Cyber Attacks: Why Cyber Security is more important now than ever

Amanda LeiuCyber security continues to be headline-grabbing news, particularly in light of the global “ransomware” cyber attack which recently hit the NHS, Telefónica and FedEx. The ransomware reportedly encrypted data on over 300,000 computers in some 150 countries, with hackers threatening to delete data unless a ransom was paid. This latest attack is reported to be the biggest online extortion scheme ever.

The Information Commissioner’s Office (ICO) issued a statement in response to the latest cyber attack to reiterate that “all organisations are required under the Data Protection Act to keep people’s personal data safe and secure.

Whilst concerns about cyber related risks and data security are not new, the issue is becoming ever more pressing for businesses, not least because of the introduction of the General Data Protection Regulations (GDPR) in May 2018.

The cyber threat

The recent global ransomware attack which hit 47 NHS trusts is not an isolated case. The UK government’s 2017 Cyber Security Breaches Survey found that:

  • over two thirds of large firms and SMEs detected a cyber security breach or attack in the last 12 months;
  • in the last year, the average business identified 998 breaches; and
  • for a large firm, the average cost to the business as a result of a breach is £19,600.[1]

These statistics highlight the fact that cyber attacks are a growing area of risk for businesses. Generally, more businesses are migrating into digital form and on globally interconnected technology platforms. As this trend continues, businesses’ exposure to a cyber attack inevitably increases.

The threat is no longer limited to large organisations. Smaller organisations have not historically been the target of cybercrime but this position has changed in recent years. SMEs are now being targeted by cyber criminals and with increasing frequency.

The consequences  

The consequences of a cyber attack can be multiple and far-reaching: disrupted business systems, regulatory fines, compensation claims, reputational damage and loss of consumer trust.

The legal implications in relation to cyber and data security arise primarily from the Data Protection Act 1998 (DPA). The DPA requires organisations to take appropriate technical and organisational security measures to prevent unauthorised or unlawful processing or accidental loss of or destruction or damage to personal data. Under the DPA, the ICO can impose fines of up to £500,000 for breach of this obligation. This is set to dramatically escalate under the GDPR to an upper limit of €20 million or 4% or annual global turnover – whichever is greater.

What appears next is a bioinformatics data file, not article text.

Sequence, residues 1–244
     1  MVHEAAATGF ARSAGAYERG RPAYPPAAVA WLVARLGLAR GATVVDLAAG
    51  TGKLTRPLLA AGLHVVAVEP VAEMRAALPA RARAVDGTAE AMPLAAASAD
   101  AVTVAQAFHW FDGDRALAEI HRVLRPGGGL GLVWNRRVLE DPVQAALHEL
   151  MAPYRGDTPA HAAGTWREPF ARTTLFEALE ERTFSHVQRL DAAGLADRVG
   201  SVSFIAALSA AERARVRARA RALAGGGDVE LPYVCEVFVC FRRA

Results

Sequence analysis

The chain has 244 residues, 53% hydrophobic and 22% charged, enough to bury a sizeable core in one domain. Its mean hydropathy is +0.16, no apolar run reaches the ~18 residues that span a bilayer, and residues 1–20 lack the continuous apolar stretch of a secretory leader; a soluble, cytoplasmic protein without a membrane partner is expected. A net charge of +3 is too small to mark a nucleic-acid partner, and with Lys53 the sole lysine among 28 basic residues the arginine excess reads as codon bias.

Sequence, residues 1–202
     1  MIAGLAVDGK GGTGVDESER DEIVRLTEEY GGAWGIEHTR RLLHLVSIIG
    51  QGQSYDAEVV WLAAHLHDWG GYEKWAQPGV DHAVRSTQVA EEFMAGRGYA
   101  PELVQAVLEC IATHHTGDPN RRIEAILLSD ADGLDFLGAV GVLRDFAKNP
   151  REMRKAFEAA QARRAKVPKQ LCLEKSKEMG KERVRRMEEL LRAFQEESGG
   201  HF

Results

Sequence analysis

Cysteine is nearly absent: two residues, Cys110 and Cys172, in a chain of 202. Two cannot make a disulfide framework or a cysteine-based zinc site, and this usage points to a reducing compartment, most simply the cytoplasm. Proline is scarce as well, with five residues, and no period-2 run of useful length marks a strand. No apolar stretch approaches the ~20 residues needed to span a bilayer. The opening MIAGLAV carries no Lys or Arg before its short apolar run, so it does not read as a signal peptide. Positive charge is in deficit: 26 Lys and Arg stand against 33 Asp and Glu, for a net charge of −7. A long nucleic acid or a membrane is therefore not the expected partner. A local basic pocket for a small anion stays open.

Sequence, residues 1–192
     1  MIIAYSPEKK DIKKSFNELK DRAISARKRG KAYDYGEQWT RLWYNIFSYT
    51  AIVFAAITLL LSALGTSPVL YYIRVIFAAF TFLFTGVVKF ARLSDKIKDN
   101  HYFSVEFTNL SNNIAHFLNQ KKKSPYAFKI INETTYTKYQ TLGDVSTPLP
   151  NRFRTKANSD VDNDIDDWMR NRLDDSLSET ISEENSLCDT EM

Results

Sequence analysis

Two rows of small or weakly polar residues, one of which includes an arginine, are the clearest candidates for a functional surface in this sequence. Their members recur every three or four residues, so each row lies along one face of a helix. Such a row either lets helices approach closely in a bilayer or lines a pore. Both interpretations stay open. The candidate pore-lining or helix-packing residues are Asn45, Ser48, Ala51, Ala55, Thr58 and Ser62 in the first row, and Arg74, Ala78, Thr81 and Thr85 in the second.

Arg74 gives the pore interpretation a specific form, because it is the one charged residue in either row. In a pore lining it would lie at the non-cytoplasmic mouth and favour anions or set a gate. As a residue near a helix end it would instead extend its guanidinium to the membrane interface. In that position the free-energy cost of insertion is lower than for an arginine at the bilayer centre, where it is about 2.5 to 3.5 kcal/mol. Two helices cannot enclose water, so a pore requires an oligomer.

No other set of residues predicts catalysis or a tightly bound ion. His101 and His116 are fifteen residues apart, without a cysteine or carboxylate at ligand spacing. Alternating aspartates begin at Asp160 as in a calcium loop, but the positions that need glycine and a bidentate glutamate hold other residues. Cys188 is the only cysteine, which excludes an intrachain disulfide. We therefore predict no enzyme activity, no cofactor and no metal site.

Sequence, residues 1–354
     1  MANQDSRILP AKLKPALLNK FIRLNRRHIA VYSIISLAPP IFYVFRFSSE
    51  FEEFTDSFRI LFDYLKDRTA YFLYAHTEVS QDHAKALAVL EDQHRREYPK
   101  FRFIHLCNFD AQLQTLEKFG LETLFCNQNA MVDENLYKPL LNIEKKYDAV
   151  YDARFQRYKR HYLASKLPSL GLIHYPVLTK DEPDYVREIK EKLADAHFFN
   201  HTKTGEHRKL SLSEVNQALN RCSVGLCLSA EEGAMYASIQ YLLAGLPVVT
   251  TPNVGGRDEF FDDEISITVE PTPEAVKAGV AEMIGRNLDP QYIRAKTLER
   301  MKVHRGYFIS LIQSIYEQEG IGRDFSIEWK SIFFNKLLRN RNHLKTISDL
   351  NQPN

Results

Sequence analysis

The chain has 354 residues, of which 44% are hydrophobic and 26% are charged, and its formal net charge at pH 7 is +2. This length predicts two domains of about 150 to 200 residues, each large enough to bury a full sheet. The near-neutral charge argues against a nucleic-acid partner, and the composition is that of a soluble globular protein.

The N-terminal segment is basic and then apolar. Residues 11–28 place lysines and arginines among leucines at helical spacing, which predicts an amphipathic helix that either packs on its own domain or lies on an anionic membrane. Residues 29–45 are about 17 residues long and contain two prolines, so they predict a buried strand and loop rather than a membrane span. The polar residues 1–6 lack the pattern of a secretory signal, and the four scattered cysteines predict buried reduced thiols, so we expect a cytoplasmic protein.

If appropriate measures have not been taken to keep peoples’ personal data secure and a cyber security breach occurs, organisations risk leaving themselves open to a fine or other enforcement action. This was the case with TalkTalk as discussed in our earlier article “The Only Way is Up – Fining Powers on the Increase for Data Protection Breaches” (21 March 2017). The ICO issued more than £1,000,000 in fines last year for breaches of the DPA. Moreover, personal data owners may seek compensation from organisations for such breaches.

The challenge of compliance with data protection laws is set to potentially increase and become more onerous under the GDPR. The GDPR will supersede the DPA and introduces new and extended obligations for organisations.

Businesses will be legally required to report data breaches that pose a risk to individuals to ICO within 72 hours and in some cases to the individuals affected. Data processors will also have direct obligations in relation to data security for the first time. Another key change is around accountability – the GDPR creates an onus on companies to demonstrate compliance with the data protection principles and put in place comprehensive governance measures.

Mitigating the risks – what should you be doing?

In light of the risks highlighted, it is more essential than ever that organisations protect themselves (and therefore, by extension their consumers), from increasingly sophisticated cyber attacks.

To minimise the risk of a cyber attack and ensure regulatory compliance with the current DPA and the incoming GDPR, businesses should be looking to take the following steps:

  • generate awareness within your organisation;
  • set up a project team with full board engagement;
  • carry out a data inventory and mapping exercise to understand what data you have, what you use it for, where it is held and what third parties are involved in processing data;
  • carry out a gap analysis to work out what compliance steps are needed;
  • review all relevant policies, procedures and contracts;
  • undertake a data privacy impact assessment, if needed;
  • prioritise and scope out a cyber security incident response plan;
  • implement and rehearse the cyber security incident response plan; and
  • train staff, monitor processes, audit and adjust.